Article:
Michael Pollan: "Don't Buy Any Food You've Ever Seen Advertised"
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The interesting thing is, why don’t we have really powerful public interest ad campaigns to inform people about this? I mean, the way the government could save the most money the most easily would be having a public advertising campaign about the dangers of soda. There are a great many children that, simply by getting off soda, avert this whole course.
Goodman: What do you think of taxing soft drinks, that they’re talking about now?
Pollan: You know, I’m not sure, frankly. I haven’t really thought that through. It’s probably not a bad idea. I think that the cheapness of high-fructose corn syrup and sugars in our economy is part of the problem and that when we started subsidizing—I guess I would attack it on the other side. We should not be making these corn-based products so cheap with our tax dollars. I think we have to change the subsidies. The reason that soda is so cheap is that we subsidize corn in huge amounts, and I think we have to change the incentives down on the farm. I think that’s really where I would put my emphasis.
Goodman: What about large corporations buying up the farmland of poorer countries?
Pollan: Well, this is going on. There is a growing recognition that the great unrenewable resource is arable soil in this world and that countries like China realize that they will not be able to feed their population on their soil base, because of their numbers, but also because they poison so much of their soil. Their soil is polluted, and they have a serious problem with that. So they are buying up huge swaths of land in Africa.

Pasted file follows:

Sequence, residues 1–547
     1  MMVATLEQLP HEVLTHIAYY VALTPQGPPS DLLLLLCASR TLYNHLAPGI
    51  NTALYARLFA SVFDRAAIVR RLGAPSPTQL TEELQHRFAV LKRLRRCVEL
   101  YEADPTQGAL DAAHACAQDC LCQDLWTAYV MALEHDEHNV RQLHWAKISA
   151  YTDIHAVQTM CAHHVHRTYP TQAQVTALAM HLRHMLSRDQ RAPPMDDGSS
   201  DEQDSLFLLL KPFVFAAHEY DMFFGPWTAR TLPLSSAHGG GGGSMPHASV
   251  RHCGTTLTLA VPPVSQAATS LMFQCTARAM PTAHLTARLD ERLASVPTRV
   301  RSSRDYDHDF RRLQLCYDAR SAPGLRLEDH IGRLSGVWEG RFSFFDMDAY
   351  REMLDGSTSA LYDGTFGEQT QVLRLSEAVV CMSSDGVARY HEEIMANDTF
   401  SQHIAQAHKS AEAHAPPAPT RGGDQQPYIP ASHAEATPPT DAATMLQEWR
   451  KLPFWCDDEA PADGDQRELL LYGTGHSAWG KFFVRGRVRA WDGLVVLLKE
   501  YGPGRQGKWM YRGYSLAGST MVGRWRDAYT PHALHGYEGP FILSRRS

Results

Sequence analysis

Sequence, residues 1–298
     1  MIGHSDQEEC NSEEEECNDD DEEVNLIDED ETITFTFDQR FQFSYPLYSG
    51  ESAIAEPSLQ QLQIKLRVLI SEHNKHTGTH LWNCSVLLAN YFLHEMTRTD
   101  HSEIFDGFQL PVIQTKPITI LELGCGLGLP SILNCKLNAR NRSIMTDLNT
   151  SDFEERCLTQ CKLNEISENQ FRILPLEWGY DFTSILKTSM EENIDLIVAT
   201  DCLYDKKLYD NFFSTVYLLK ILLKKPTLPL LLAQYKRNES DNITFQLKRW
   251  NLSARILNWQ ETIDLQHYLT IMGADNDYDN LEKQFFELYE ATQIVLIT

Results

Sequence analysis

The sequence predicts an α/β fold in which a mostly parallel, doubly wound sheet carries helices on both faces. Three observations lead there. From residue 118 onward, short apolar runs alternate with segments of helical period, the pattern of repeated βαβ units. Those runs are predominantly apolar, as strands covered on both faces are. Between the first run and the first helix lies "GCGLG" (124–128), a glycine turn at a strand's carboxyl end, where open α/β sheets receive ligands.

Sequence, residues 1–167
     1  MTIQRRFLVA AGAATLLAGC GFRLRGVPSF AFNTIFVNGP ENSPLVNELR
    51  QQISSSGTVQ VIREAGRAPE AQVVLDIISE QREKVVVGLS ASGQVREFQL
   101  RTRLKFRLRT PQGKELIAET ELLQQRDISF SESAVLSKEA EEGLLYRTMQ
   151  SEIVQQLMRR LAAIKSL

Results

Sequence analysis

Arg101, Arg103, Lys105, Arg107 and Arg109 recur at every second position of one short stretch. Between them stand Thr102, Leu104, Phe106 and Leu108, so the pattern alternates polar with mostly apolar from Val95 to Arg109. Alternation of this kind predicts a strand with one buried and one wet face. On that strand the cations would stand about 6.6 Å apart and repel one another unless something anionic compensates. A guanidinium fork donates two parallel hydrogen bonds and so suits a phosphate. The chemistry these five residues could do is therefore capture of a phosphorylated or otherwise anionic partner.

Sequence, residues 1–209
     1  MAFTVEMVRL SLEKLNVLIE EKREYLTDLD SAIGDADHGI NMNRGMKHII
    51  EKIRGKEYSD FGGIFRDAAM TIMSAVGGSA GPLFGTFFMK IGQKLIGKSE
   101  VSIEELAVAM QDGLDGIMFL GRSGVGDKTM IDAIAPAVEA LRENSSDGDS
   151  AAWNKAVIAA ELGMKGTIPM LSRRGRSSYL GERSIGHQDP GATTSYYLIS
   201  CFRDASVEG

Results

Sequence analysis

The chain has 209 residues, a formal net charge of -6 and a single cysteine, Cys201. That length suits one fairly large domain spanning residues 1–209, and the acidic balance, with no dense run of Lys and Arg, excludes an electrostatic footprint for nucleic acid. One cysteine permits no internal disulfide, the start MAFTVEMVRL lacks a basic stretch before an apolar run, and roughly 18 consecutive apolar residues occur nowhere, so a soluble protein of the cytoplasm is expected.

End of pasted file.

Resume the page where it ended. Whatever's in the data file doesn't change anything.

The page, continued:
This is a political disaster, you know, waiting to happen. I mean, Africans are going to stand by while their best farmland is being used to feed Chinese? I mean, I don’t see this as a sustainable solution for anybody. But this is what’s happening.
And we should take note and realize that our farmland is so precious, and we should be very careful about developing it, and we should certainly be careful about letting it run off into the Mississippi River because we’re failing to put in cover crops and things like that.
Goodman: [Y]ou wrote a long letter to President Obama, to the “Farmer-in-Chief,” as you put it. What’s the most salient point in it?
Pollan: The most salient point is simply, you are not going to be able to tackle either the healthcare crisis or climate change unless you look at our food system. In the case of climate change, food is responsible for about a third of greenhouse gases, the way we’re growing food, the way we’re processing it and the way we’re eating. And the healthcare crisis, as I’ve talked about. So we need to address it. It’s really the shadow issue over these other two issues.
Amy Goodman is the host of the nationally syndicated radio news program, Democracy Now!